Former navy and air force chiefs are released in 'coup' probe
Turkish prosecutors have released the former heads of the country's navy and air force (pictured) after questioning them in connection with an alleged plot to topple the Islamist-rooted government, the Anatolia news agency reports.
AFP - A Turkish court Thursday freed two of the seniormost suspects in an alleged 2003 military coup plot hours after the army chief and civilian leadership pledged to resolve tensions sparked by the probe.
The former heads of Turkey's navy and air force, Ozden Ornek and Ibrahim Firtina, were freed after being questioned by Istanbul prosecutors over an alleged plot to foment unrest and justify a military takeover from the Islamist-rooted government, the Anatolia news agency reported.
Earlier Thursday, a statement issued after talks between President Abdullah Gul, Prime Minister Recep Tayyip Erdogan and Chief of Staff Ilker Basbug said "the problems will be resolved within the constitutional order."
Prime Minister Recep Tayyip Erdogan limited his comments to "it was a very good meeting" but analysts said the divide between government and army remained gaping though tensions were likely to ease in the short term.
Gul called the meeting after the army spoke of a "serious situation" following the arrest Monday of some 50 serving and retired officers over an alleged plan to overthrow the Islamist-rooted government in 2003.
The probe marked a new low in ties between government and military, already strained since last year amid allegations that army members made a series of plans to discredit and unseat the ruling Justice and Development Party (AKP), the offshoot of a now-banned Islamist movement.
But political scientist Dogu Ergil said clashes will continue to erupt as long as the army, the self-declared guardian of Turkey's secular system, insists on defining its duty as "protecting the republic and its gains".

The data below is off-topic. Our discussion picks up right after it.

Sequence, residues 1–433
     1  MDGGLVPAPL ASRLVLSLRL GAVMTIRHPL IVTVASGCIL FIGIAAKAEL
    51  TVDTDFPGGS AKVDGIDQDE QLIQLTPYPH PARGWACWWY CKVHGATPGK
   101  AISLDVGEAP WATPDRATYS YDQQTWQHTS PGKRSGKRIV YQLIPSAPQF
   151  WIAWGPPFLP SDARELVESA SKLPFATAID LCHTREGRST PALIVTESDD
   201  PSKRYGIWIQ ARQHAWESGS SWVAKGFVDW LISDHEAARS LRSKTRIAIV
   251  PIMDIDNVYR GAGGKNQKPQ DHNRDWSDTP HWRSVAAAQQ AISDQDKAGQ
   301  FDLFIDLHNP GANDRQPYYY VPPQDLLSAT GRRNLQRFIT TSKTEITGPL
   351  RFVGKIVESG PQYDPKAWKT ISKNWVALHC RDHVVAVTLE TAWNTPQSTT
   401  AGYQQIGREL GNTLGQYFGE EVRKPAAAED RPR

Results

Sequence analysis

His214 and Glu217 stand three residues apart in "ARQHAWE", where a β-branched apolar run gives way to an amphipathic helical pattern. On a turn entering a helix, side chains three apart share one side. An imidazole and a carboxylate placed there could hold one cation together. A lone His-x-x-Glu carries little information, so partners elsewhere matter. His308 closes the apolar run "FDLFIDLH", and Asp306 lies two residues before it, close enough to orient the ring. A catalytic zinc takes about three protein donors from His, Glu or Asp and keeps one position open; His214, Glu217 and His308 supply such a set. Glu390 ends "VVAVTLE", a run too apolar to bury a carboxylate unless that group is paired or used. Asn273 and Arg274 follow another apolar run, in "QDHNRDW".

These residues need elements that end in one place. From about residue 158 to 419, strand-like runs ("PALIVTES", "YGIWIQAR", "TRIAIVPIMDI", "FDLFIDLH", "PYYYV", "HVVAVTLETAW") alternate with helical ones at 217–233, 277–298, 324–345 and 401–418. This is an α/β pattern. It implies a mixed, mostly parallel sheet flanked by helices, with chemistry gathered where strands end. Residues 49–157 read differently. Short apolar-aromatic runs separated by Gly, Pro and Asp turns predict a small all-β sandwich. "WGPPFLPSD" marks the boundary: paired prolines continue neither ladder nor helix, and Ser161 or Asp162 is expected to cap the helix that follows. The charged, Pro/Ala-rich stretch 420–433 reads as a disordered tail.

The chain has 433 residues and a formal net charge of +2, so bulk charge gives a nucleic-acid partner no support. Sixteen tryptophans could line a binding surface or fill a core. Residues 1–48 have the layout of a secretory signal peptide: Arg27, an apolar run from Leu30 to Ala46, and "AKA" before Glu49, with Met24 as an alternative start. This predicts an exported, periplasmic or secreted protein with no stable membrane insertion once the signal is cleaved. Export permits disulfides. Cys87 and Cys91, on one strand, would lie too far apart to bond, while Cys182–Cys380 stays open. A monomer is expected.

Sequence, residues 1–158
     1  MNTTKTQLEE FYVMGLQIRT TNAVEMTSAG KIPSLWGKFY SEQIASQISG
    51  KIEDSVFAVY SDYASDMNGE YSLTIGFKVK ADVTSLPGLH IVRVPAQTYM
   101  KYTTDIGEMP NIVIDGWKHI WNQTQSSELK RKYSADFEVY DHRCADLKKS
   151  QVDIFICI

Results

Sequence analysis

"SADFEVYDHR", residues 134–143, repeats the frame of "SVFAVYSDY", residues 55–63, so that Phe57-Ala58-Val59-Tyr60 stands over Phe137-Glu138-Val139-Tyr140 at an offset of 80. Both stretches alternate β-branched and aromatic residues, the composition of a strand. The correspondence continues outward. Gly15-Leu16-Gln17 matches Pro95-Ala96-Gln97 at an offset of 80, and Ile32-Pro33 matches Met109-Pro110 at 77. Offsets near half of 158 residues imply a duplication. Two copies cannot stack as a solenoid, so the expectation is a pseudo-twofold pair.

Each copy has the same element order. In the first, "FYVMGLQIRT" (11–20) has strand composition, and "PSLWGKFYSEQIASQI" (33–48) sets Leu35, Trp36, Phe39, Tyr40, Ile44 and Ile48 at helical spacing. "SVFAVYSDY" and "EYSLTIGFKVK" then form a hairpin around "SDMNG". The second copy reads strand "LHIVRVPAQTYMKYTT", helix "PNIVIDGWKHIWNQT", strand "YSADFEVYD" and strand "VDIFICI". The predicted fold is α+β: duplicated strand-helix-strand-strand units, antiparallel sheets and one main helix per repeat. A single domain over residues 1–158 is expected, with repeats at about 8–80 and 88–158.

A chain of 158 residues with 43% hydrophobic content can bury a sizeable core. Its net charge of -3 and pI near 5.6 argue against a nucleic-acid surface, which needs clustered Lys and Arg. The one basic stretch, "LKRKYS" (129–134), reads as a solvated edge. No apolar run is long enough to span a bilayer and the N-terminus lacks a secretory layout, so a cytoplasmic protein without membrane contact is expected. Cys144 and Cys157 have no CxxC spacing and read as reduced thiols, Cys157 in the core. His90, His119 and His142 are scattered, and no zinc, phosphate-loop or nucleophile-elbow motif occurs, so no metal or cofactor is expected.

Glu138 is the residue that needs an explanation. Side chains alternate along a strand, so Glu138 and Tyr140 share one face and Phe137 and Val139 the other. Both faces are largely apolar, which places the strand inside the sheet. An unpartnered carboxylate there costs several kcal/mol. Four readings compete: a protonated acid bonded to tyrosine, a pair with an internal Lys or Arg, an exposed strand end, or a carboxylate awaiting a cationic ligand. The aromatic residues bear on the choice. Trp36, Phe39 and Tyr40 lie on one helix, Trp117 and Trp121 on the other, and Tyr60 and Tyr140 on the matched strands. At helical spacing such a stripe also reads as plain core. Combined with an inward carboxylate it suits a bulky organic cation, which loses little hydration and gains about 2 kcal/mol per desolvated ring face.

AKP supporters say the army, which has unseated four governments and wielded considerable political influence, must be forced to stop meddling in politics.
Opponents allege the AKP is trying to disable the army and realise its alleged Islamist ambitions under the guise of democratisation.
Basbug himself has decried a campaign to smear the military, while repeatedly pledging his commitment to democracy.
Earlier Thursday, the Istanbul court ruled that another eight people should be kept in jail pending trial, bringing the number of detained suspects to 20, Anatolia news agency reported. A total of 12 suspects have been released.
The purported plot, codenamed "Operation Sledgehammer", is said to have been drawn up in 2003 at the Istanbul-based First Army, shortly after the AKP came to power.
It is unknown whether the suspects made any move to activate the plan, first reported in January by the Taraf newspaper, which routinely targets the army.
The plot allegedly involved plans to bomb mosques and provoke tensions with Greece to force the downing of a Turkish jet, thus discrediting the government and leading to its downfall.
Taraf said the plan was discussed at a seminar in March 2003. The army responded the seminar involved the discussion of war-time contingency plans and denied a coup plot.
Army members are already among dozens of defendants in a long-running case against a purported secularist network that allegedly planned to spark unrest and pave the way for a military coup against the AKP.
But the probe's credibility waned as police began arresting journalists, writers and academics known as AKP critics, sparking accusations that it has degenerated into a campaign to silence the secularist opposition.
Turkey's chief prosecutor said last week he was examining whether the government exerts pressure on the judiciary, a move that may in theory result in a bid to seek AKP's closure at the constitutional court.
In 2008, the AKP narrowly escaped being banned for violating Turkey's secular system.